BOX 5: Assessing coastal community vulnerability(54)

Prince Edward Island

In Prince Edward Island, potential adaptation strategies that have been identified and discussed in the literature include identification and monitoring of hazards (e.g., flood mapping), managed retreat or avoidance (e.g., restricted development in sensitive areas), accommodation, and enhanced awareness-raising and public education.(19) The most appropriate adaptation measures will depend on the conditions at the specific site of concern. For example, retreat is likely not a viable option in urban settings such as Charlottetown. In these areas, strategies that incorporate elements of accommodation and protection would have to be considered, with both hard and soft protection likely necessary to protect valuable coastal infrastructure.(19)

On Prince Edward Island's north shore, a complex system of sand dunes is a major tourist attraction that is at risk of being breached by storm-induced wave activity. These dunes serve as a natural barrier that protects the shoreline from ongoing coastal processes, the absence of which could lead to accelerated erosion in sensitive areas.(19) Adaptation strategies along the north shore could include accommodating rising sea levels by enhancing natural resilience through dune rehabilitation, and soft protection such as beach nourishment and sand storage.(19) Overall, a range of adaptation strategies would be needed in Prince Edward Island, and would be most successful if several options were to be considered, at various scales, in deliberations that include stakeholder participation.(19)

Fraser Delta

Structures are already used in the Fraser Delta to protect the land from the sea. However, if extreme flooding and storm-surge events were to occur more frequently as a result of future climate change, there would be an increased risk of breaching and additional damage to dyke systems.(37) Yin(37) recommended several adaptation options for the Fraser Delta coastal zone, based on the potential impacts of climate change on this region. These options include

  1. prevention of further development in sensitive areas;
  2. ensuring that new development does not infringe upon the shoreline;
  3. public repurchase of sensitive land and infrastructure; and
  4. protecting existing investments by maintaining, extending and upgrading existing dyke systems to prevent damage to coastal infrastructure and human activities.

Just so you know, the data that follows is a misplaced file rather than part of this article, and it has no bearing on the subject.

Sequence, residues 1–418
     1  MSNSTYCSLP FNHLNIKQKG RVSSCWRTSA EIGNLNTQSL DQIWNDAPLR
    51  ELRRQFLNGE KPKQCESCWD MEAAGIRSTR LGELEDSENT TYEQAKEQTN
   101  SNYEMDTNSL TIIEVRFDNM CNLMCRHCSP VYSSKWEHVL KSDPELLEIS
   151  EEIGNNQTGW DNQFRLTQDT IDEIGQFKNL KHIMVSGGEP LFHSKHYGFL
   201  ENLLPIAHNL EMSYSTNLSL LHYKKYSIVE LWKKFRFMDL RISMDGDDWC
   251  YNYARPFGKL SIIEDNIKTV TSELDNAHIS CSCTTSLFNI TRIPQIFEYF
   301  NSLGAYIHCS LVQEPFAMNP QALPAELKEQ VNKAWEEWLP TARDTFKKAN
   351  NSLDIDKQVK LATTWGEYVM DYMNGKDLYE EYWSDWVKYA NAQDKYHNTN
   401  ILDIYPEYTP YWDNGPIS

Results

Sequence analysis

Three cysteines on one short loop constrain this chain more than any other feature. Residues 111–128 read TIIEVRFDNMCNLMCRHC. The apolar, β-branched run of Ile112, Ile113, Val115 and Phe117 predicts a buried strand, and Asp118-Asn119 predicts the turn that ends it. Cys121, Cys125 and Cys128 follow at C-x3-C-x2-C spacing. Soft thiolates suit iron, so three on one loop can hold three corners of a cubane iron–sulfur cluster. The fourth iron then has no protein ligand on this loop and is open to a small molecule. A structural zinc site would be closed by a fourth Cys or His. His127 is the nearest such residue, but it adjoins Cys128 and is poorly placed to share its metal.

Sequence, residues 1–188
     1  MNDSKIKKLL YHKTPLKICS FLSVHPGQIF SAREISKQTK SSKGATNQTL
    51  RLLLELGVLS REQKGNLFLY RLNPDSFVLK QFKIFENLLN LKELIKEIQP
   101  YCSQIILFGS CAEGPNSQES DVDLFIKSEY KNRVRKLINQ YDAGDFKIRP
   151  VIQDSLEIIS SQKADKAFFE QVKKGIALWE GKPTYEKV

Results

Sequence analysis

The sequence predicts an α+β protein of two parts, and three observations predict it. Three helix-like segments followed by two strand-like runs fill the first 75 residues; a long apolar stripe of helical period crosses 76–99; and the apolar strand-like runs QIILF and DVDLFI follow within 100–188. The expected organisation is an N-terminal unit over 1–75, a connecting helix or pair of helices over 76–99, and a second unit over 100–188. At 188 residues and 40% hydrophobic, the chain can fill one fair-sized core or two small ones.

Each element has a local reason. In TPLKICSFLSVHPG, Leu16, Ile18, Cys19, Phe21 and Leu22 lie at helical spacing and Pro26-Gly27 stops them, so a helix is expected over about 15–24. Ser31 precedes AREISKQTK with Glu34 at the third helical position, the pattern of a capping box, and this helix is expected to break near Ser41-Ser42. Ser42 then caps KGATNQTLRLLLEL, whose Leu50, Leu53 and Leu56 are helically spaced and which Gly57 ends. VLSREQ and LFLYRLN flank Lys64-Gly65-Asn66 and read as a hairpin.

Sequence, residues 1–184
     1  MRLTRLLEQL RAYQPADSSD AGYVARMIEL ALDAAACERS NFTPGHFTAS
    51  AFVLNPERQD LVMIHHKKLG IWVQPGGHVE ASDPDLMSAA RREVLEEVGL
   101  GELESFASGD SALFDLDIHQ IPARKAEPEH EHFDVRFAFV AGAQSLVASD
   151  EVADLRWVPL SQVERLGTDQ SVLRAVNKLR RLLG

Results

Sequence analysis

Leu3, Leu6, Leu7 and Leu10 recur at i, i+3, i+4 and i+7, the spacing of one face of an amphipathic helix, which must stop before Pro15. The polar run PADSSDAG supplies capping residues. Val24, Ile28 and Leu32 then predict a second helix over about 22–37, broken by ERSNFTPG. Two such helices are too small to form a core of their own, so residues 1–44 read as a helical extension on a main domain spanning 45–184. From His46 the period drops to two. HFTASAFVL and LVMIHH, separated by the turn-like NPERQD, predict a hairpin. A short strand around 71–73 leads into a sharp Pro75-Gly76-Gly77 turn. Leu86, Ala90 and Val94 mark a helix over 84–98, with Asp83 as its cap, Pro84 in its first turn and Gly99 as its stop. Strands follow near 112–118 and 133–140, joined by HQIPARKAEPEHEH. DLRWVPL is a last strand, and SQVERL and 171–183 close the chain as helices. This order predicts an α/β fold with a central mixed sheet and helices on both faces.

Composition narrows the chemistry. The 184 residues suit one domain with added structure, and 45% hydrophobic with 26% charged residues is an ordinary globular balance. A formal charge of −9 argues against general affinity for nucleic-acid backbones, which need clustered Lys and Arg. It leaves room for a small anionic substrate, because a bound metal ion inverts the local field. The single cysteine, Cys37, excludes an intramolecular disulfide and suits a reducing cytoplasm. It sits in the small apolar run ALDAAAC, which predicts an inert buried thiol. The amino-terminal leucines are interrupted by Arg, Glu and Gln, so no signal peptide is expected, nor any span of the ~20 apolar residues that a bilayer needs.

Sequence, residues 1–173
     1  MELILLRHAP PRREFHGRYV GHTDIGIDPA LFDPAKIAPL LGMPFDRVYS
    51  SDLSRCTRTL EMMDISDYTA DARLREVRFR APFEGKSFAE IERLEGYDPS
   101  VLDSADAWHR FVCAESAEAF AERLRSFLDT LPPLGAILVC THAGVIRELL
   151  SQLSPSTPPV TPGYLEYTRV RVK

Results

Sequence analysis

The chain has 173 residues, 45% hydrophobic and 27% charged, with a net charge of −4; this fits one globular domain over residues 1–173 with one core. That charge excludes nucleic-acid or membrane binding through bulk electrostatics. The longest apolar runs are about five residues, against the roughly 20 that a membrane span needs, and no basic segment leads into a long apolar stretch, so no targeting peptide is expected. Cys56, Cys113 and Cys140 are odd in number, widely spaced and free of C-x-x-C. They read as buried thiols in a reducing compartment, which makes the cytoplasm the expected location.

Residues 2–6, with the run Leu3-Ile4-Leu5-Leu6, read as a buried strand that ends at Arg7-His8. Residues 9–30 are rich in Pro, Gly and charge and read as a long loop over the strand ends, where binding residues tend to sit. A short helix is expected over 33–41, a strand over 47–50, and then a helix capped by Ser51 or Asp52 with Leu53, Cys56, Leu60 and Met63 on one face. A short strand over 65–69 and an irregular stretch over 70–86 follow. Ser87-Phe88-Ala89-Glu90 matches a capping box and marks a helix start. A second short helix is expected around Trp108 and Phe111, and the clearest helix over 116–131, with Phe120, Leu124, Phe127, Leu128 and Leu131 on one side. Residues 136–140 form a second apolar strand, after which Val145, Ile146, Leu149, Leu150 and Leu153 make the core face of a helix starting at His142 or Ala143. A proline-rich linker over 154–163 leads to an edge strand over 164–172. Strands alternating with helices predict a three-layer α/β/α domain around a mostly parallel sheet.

Great Lakes

Individual property owners along the shores of the Great Lakes would be impacted if projected decreases in lake levels were to occur, although they will likely be able to adapt, in most cases, by moving with the lake (e.g., extending docks; references 11, 45). Shoreline protection structures designed for the current range of lake levels would also be affected by water level changes. As a result, the design and implementation of flexible structures that can be modified for a range of water levels could represent an appropriate form of anticipatory adaptation.(45, 55) Decisions will also have to be made regarding coastal land use and development. For example, existing shoreline management policies and plans may need to be adjusted and new policies that limit pressure for lakeward development of sensitive areas of the shoreline could be used to help reduce potential impacts from coastal hazards.(11, 56)

Dredging is a commonly recommended adaptation option for dealing with low water levels in the Great Lakes. In 2000, Fisheries and Oceans Canada initiated the Great Lakes Water Level Emergency Response Program, to provide $15 million in dredging assistance to marinas severely affected by low water levels.(57) However, from an economic and environmental perspective, dredging is not always a feasible option. For example, the Welland Canal is situated on a rock basin, and deepening this structure would require a multiyear drilling and blasting project.(58) A study investigating harbour dredging in a portion of the Great Lakes concluded that costs at Goderich, Ontario might be as high as $6.84 million for one future water level projection.(59) Furthermore, in contaminated areas, extensive dredging could lead to high disposal costs and present a public health and environmental hazard to shoreline interests and activities.(43)

Changes to regulation of the Great Lakes have also been suggested as a potential adaptation option. Regulation of Lake Ontario and the St. Lawrence River is currently being studied to evaluate the benefits and impacts of the current plan used to regulate these water bodies, and assess the changes that would be needed in order to meet current and future needs, including those under climate change scenarios.(60) With respect to increasing regulation to include all five Great Lakes, research has found that this option is neither economically nor environmentally feasible at the present time.(61)